Lately, mental health has been at the forefront of everyone’s mind. For a very long time, due to COVID-19, in-person therapy hasn’t been possible and mental health facilities haven’t been accepting anyone unless matters were urgent. This restriction of services has made me increasingly curious about mental health during a time of reduced resources.
I came across a documentary on CBC titled ‘Not Criminally Responsible’ directed by John Kastner. The documentary follows the reaction of an incident by a man named Sean Clifton who suffers from Paranoid Schizophrenia and Obsessive-compulsive disorder.
In a Cornwall Ontario Walmart, Clifton went through a violent mental breakdown of a severity which he had not experienced before. Because of this, Clifton inflicted multiple stab wounds on a woman named Julie Bouvier. By the title ‘Not Criminally Responsible’ you may have guessed that the documentary takes audiences through the process of a court judgement that removes criminal negligence from a perpetrator, usually due to the person suffering a severe mental health episode. This type of verdict necessarily implies that the perpetrator would not commit the crime if it weren’t for their mental illness.
During the forty-five-minute documentary, the young life of Clifton is shown in reflection of his severe mental health diagnosis. Clifton’s rehabilitation is provided on a step by step basis until his full integration back into society. The victim, Bouvier, discusses her accounts of the traumatic event and how this incident has followed her life a decade later. Not only does the audience get to hear from Bouvier but also receives a glimpse into Bouvier’s relative’s views of the traumatic event.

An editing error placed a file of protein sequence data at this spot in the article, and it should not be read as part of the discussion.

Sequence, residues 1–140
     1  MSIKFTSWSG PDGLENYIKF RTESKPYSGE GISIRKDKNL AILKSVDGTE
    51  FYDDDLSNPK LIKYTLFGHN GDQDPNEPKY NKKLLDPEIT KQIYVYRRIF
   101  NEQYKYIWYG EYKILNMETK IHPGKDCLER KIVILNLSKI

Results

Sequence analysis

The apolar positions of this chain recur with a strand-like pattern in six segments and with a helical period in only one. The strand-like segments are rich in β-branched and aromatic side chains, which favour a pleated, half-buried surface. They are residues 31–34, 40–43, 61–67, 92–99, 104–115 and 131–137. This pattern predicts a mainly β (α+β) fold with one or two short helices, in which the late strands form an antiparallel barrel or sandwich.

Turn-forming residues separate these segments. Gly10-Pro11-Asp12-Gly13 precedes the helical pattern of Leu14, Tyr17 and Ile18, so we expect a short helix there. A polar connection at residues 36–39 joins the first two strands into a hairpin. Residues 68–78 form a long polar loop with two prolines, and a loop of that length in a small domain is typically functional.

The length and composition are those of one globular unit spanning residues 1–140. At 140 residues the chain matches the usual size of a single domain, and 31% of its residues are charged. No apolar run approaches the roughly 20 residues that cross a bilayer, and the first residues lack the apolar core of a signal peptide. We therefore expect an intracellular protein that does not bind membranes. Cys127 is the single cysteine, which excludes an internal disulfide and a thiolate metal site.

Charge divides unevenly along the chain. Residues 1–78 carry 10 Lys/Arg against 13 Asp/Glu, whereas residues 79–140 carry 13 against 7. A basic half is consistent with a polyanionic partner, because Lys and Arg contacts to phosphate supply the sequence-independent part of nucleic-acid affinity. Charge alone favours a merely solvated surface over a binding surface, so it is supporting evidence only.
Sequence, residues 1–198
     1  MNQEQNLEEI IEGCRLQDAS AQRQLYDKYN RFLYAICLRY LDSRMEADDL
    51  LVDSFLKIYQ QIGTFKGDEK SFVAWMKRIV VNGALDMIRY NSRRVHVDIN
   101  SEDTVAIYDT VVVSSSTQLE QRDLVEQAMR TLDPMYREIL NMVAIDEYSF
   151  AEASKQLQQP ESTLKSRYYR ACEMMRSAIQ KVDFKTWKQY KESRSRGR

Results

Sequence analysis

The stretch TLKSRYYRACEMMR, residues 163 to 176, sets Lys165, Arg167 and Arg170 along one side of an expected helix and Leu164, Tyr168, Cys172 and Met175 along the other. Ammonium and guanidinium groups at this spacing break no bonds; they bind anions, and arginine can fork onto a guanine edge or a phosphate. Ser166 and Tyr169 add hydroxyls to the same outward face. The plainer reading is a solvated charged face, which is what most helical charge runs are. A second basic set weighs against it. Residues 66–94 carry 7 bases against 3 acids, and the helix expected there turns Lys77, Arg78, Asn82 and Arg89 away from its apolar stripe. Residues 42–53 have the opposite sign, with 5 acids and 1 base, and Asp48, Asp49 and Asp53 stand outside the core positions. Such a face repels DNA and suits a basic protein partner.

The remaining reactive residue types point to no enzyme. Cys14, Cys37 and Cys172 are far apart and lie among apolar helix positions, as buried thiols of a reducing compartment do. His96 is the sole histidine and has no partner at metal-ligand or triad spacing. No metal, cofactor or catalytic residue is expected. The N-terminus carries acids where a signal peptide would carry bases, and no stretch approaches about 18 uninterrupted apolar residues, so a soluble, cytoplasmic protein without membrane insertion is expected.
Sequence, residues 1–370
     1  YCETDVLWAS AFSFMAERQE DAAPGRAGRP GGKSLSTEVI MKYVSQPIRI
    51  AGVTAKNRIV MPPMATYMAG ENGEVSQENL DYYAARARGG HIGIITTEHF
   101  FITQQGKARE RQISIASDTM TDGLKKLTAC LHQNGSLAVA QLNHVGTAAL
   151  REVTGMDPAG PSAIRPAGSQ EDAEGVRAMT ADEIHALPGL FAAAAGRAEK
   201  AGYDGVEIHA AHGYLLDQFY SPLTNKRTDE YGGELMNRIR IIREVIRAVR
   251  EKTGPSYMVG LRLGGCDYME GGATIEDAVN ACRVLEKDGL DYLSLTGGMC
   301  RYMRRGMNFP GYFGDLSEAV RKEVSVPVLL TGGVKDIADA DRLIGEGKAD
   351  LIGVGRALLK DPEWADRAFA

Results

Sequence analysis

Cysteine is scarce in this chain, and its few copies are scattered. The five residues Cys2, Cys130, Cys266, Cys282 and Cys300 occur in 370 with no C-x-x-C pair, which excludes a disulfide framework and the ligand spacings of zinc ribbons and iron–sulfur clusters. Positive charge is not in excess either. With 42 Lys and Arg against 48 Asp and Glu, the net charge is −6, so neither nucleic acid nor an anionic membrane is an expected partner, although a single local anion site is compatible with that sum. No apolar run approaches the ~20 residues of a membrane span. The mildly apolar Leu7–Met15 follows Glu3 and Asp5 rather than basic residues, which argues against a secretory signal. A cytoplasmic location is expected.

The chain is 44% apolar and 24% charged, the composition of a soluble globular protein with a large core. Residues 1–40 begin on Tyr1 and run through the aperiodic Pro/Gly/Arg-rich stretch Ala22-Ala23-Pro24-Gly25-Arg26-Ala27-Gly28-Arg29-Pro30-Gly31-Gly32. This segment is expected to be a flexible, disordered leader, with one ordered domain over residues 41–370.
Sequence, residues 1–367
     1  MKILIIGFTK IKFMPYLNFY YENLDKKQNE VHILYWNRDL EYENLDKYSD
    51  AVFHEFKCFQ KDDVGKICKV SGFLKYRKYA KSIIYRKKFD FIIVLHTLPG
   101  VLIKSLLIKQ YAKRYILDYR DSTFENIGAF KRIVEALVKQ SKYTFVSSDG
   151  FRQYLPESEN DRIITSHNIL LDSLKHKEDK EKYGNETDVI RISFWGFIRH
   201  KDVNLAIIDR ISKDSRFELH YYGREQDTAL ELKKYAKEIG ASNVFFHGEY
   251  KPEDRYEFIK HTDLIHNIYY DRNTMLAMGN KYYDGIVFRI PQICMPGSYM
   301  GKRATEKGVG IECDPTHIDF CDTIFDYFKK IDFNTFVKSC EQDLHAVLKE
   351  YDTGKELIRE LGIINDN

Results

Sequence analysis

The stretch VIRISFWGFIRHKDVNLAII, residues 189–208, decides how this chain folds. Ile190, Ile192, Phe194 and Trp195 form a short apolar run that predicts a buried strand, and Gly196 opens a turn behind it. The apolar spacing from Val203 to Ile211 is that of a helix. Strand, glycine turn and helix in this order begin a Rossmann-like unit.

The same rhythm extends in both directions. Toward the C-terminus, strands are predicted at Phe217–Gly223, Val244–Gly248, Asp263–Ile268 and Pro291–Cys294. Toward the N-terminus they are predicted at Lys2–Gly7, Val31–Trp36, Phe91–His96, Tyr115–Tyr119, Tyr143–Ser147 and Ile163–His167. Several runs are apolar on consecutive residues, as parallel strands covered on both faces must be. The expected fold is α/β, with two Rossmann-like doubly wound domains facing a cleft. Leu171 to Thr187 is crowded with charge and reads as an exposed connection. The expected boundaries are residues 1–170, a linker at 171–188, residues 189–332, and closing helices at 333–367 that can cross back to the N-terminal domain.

There are three things that stood out to me when watching ‘Not Criminally Responsible’. The first being that this is a nonfiction Canadian event that had lasting effects on a number of families’ lives. That concept alone is equally upsetting and engaging. This happened in our country, so what are the implications of this type of verdict? That is the exact question pursued by Director John Kastner in this documentary. The second aspect is directly piggybacking off the first point – there is an eventual reconciliation between Sean Clifton and Julie Bouvier. It may not be what the viewers necessarily anticipate, but nonetheless, there is resolution. My absolute favourite aspect of this documentary is the controversy. There will always be varying opinions pertaining to this story and that’s why it works. When watching I had the incredibly obvious question arise which was “is Clifton capable of doing something violent and dangerous again?” That is a perfectly rational question to ask. This question tends to lead to a dozen more questions. More than anything else this documentary left me pondering how scary it must have been for both parties involved. There is no doubt in my mind Bouvier was terrified through the whole Walmart ordeal and justifiably so. I began wondering if she still thinks about the event or whether it impedes her life in any way. What I didn’t think I’d feel is sympathy for Clifton – imagine waking up from a psychotic break and being told about the pain you’ve inflicted, knowing that you would never otherwise commit any harm to another life. The documentary turns many concepts and ideas on their heads for me, and that’s why I think ‘Not Criminally Responsible’ is worth the watch.